Instead of quelling the violence in the border community of Ciudad Juárez, the posting of almost 13,000 Mexican troops and federal police officers has only accelerated the bloodletting, even as it has introduced new problems of corruption and human rights abuses. So says one Mexican pastor and human rights activist about the vast expansion of the Mexican military’s role in confronting drug cartel violence and petty crime in this city of 1.3 million residents.
“The statistics don’t lie,” said the Rev. Oscar Enríquez, pastor of Holy Spirit Parish, which serves a neighborhood of low-wage factory workers on the southern outskirts of town. “The number of homicides has increased. Kidnapping has increased. Extortion has increased throughout the city.” Ciudad Juárez, he said, “continues being a city kidnapped by organized crime.” Father Enríquez’s unfavorable assessment of the military and police presence has become more common in Ciudad Juárez. Violence attributed to warring cartels, crimes committed by gangs affiliated with the cartels and a federal crackdown have claimed an estimated 800 lives in Ciudad Juárez this year and more than 4,000 since President Felipe Calderón took office in December 2006.
Equally disquieting for Father Enríquez, who is also the director of the Paso del Norte Human Rights Center, has been the growing number of allegations of human rights abuses—ranging from extortion to illegal raids to forced disappearances—against the military and Federal Police. Mexico’s National Human Rights Commission reported 3,388 complaints of military abuse nationwide from 2007 to 2009.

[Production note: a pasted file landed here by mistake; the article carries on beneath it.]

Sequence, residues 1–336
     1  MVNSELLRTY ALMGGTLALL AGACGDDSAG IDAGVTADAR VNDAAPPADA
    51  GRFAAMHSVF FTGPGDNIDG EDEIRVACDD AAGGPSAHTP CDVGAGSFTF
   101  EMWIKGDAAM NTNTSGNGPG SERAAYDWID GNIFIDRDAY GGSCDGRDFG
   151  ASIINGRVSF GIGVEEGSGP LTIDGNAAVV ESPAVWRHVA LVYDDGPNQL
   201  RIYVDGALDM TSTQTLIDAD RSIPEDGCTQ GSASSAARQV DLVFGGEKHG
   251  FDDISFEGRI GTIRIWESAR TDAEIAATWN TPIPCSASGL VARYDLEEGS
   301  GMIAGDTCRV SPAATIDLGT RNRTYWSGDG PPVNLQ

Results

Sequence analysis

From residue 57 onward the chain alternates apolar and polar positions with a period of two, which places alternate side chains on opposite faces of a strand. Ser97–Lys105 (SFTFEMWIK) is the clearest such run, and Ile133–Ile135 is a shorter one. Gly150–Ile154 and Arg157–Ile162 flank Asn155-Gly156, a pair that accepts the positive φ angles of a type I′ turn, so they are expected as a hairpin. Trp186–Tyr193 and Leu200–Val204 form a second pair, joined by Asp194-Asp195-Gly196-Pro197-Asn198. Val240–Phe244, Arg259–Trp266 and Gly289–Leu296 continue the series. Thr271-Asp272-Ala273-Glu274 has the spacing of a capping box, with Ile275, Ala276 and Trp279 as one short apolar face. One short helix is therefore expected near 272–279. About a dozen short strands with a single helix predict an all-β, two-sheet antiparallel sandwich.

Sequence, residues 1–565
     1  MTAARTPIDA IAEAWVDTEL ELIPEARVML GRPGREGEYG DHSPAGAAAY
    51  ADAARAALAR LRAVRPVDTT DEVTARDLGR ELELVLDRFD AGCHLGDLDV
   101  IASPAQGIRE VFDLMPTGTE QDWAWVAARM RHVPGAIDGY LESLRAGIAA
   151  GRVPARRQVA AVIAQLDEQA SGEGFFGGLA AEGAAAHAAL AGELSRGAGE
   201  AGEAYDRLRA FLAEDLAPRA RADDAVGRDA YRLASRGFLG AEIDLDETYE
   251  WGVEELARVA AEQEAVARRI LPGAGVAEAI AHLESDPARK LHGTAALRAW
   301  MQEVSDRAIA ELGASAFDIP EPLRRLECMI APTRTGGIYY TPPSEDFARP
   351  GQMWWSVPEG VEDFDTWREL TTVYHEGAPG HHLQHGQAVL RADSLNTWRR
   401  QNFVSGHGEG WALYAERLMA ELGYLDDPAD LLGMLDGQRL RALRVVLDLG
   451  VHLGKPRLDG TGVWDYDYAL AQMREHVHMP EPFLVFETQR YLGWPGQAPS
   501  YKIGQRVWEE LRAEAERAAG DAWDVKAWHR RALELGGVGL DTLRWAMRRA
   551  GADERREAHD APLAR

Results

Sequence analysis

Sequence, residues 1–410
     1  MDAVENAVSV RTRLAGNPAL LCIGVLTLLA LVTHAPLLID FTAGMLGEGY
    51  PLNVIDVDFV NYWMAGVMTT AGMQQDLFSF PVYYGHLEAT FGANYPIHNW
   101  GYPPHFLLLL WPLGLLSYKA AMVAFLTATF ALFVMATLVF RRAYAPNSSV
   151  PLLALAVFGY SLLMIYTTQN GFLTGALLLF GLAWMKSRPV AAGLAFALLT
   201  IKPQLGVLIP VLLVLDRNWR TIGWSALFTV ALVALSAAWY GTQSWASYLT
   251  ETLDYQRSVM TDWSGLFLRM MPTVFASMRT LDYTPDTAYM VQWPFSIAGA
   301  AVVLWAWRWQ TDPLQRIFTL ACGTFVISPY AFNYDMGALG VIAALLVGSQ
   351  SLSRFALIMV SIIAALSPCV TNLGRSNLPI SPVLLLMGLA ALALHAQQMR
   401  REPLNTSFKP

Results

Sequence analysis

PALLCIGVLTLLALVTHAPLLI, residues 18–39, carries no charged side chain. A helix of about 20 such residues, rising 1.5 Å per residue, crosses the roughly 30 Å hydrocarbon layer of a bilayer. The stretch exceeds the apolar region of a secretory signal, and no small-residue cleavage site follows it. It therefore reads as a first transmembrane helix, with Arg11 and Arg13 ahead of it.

The abuses and rising death toll have fueled perceptions in Ciudad Juárez—a key transit point for drugs heading north and guns moving south—that the military is ill-equipped to take on the cartels and perform police work. “The military option was a disaster,” said Gustavo de la Rosa Hickerson, former investigator for the Chihuahua State Human Rights Commission. “It was totally ineffective for ending the violence, and those causing the violence seized control of the city.”
De la Rosa previously investigated allegations of abuse against soldiers and police in Ciudad Juárez but relocated to neighboring El Paso, Tex., after he received death threats and his safety could not be guaranteed. The federal government has started replacing the military with 5,000 Federal Police officers, a move de la Rosa supports because soldiers, he said, enjoy “impunity.”
Still, de la Rosa said the transition has had its problems: 18 officers were detained in just one month for crimes like abuse of authority, theft and extortion. Eder Garnica Durón, 15, a resident of Ciudad Juárez, said federal officers detained him in the street and, after finding nothing of value on him, dumped him in a vacant lot about three miles from his home. “They come through my neighborhood looking for bribes,” he said. Local police can be just as bad. Officers once detained him and stole the weekly pay package of $70 he had just received from a carpentry workshop.
The federal government has announced plans to transfer the responsibility for security in the state of Chihuahua away from the military and to focus on social problems in the region—a strategy unveiled after a massacre on Jan. 31 killed at least 15 youths at a party. Father Enríquez endorsed the new approach. “We’re convinced that it is not a policy of force that will resolve a local problem,” he said.